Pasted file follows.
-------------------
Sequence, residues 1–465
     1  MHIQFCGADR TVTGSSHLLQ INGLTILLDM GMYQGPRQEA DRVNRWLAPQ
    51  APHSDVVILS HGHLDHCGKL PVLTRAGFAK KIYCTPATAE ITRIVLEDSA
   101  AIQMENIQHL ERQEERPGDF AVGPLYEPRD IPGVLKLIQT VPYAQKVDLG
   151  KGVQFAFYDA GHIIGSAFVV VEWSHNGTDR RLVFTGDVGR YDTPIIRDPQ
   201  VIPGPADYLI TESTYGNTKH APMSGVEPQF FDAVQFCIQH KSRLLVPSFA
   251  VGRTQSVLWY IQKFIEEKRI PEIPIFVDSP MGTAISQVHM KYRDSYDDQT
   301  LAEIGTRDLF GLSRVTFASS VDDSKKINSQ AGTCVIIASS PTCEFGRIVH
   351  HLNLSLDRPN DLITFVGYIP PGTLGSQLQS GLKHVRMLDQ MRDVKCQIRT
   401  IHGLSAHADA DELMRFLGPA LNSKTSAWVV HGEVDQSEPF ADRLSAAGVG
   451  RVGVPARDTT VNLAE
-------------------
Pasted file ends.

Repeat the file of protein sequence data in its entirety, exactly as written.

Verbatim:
Sequence, residues 1–465
     1  MHIQFCGADR TVTGSSHLLQ INGLTILLDM GMYQGPRQEA DRVNRWLAPQ
    51  APHSDVVILS HGHLDHCGKL PVLTRAGFAK KIYCTPATAE ITRIVLEDSA
   101  AIQMENIQHL ERQEERPGDF AVGPLYEPRD IPGVLKLIQT VPYAQKVDLG
   151  KGVQFAFYDA GHIIGSAFVV VEWSHNGTDR RLVFTGDVGR YDTPIIRDPQ
   201  VIPGPADYLI TESTYGNTKH APMSGVEPQF FDAVQFCIQH KSRLLVPSFA
   251  VGRTQSVLWY IQKFIEEKRI PEIPIFVDSP MGTAISQVHM KYRDSYDDQT
   301  LAEIGTRDLF GLSRVTFASS VDDSKKINSQ AGTCVIIASS PTCEFGRIVH
   351  HLNLSLDRPN DLITFVGYIP PGTLGSQLQS GLKHVRMLDQ MRDVKCQIRT
   401  IHGLSAHADA DELMRFLGPA LNSKTSAWVV HGEVDQSEPF ADRLSAAGVG
   451  RVGVPARDTT VNLAE